The country’s share of the $4 billion, aimed at helping middle-income buyers purchase and rehab foreclosed homes, amounts to more than $2 million, said housing and community development director Elijah Johnson. That amount will cover only a small percentage of the county’s troubled housing stock — about 50 to 70 houses, he said.
The state, which also gets a piece of the $4 billion for redevelopment efforts, could kick in a little more,. But, at best, it would just double the total. That’s 140 houses or so, compared to 3,200 unsold foreclosed properties throughout the county.
Still, getting some money, however modest the amount, doesn’t hurt, Johnson said. If the county can stabilize certain blocks in troubled neighborhoods, it could be a first step toward enticing middle-class homebuyers to consider those communities.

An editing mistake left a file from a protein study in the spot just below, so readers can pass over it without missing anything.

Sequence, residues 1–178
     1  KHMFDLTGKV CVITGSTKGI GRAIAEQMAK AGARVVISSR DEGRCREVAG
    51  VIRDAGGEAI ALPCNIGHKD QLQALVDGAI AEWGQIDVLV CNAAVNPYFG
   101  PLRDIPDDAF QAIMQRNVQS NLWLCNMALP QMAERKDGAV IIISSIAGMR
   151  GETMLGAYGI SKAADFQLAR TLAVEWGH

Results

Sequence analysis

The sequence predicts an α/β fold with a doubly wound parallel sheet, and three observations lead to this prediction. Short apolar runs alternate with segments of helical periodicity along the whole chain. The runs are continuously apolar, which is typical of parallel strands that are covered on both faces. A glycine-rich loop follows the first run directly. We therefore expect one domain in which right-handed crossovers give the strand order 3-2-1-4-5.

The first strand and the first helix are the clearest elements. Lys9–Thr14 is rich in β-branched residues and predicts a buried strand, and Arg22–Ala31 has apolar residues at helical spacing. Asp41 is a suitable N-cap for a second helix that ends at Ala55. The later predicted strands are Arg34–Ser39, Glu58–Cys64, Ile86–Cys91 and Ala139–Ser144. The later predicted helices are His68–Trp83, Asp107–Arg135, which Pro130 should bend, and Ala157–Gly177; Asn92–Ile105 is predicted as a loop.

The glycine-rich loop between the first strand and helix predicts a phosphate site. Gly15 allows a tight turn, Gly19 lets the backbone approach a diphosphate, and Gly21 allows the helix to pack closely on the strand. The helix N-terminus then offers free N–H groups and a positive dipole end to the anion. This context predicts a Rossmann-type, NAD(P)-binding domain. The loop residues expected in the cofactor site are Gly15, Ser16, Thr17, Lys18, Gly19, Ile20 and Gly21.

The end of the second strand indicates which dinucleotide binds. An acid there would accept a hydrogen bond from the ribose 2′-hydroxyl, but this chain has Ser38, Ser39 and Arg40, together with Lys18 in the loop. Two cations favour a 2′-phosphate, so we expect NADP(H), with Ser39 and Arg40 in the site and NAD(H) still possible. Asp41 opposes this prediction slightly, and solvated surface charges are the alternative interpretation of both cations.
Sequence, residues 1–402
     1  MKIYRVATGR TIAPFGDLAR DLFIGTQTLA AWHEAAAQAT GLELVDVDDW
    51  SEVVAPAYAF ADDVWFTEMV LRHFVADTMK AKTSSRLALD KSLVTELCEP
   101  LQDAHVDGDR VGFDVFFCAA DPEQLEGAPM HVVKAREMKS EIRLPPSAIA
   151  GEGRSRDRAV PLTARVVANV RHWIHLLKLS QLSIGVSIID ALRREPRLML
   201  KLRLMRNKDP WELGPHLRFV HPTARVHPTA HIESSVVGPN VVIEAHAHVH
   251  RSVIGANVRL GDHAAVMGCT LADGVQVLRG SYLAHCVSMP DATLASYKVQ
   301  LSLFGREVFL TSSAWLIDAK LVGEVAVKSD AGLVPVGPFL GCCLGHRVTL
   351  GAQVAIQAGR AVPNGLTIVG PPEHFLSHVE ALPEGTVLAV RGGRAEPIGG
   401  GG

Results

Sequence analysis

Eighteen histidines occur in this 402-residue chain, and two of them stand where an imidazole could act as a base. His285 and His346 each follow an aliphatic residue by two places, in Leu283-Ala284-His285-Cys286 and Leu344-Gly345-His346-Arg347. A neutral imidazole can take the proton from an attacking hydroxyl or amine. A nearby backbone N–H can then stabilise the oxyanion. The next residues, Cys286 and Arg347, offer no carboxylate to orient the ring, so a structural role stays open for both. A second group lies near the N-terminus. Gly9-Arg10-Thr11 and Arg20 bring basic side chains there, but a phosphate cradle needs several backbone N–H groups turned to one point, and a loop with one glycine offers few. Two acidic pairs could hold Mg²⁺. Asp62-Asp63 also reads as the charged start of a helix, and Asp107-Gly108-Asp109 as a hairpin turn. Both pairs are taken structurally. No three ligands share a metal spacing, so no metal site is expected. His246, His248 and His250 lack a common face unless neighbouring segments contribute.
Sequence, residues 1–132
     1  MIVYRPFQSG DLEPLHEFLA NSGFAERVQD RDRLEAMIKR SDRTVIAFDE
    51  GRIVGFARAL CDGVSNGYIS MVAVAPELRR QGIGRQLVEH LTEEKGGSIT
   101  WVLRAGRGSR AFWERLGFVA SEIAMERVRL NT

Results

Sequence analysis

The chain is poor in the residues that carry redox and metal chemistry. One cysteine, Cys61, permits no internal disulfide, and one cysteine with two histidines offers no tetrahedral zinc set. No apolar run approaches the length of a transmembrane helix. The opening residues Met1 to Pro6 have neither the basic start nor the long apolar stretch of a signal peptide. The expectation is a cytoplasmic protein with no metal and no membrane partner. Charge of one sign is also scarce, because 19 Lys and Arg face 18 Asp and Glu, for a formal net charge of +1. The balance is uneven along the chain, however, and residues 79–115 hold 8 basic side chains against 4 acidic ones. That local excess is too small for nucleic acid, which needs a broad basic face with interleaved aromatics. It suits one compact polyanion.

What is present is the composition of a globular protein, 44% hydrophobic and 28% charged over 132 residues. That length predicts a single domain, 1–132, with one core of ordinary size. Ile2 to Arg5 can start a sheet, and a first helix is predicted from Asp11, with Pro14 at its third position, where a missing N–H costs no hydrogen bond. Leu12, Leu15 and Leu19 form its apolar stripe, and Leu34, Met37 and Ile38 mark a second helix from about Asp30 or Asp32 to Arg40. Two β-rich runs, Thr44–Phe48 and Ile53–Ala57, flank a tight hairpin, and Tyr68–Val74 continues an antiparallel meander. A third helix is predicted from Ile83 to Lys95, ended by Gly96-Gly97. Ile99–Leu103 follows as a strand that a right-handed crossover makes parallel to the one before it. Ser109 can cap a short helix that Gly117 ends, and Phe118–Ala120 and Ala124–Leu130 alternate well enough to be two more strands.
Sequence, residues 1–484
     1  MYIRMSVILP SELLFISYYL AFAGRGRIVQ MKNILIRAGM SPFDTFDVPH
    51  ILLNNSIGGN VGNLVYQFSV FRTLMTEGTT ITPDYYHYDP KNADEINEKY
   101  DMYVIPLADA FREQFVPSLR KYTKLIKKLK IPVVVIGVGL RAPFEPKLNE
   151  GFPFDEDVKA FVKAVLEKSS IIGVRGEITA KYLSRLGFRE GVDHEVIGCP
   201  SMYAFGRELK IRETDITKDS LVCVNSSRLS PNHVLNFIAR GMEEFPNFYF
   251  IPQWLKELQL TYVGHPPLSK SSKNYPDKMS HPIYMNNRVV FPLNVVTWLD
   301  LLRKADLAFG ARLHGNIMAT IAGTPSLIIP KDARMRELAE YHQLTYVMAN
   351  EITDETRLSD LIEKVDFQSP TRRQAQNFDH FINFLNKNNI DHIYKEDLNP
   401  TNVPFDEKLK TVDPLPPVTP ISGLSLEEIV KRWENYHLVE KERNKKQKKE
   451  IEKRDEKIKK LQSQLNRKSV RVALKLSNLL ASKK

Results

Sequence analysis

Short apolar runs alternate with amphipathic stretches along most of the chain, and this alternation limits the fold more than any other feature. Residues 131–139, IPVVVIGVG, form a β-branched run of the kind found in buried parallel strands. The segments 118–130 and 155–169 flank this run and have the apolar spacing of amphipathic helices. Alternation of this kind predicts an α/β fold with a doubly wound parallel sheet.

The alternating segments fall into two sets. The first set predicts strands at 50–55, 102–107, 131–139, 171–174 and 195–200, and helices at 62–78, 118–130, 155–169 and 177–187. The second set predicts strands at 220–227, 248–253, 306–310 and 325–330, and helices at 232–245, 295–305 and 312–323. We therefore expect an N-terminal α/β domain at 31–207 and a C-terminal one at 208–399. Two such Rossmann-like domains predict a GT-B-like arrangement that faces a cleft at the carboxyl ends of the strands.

“When you take a first look at it, it doesn’t look like it’s going to make a difference,” Johnson said. “But it’s a good start. Our hope is that we can stimulate the market. We want to get that sense of community back; and revitalize the market and get homeowners purchasing units.”
Nationally, the $4 billion will have a scattered effect. It could make a difference in some places and not so much in others, depending on how communities use their money, said Pelletiere, of the National Low Income Housing Coalition.
Some of the funds have been put aside to help with projects for low-income residents — like buying foreclosed apartment buildings to keep renters from being evicted. Cities and towns are hoping to get more aid from the stimulus package proposals that Congress may consider soon.
In the meantime, banks are taking heavier losses than expected on foreclosures, with lots of empty houses sitting on the market. Owners in foreclosure often shut off the electricity, so sump pumps can’t keep basements dry.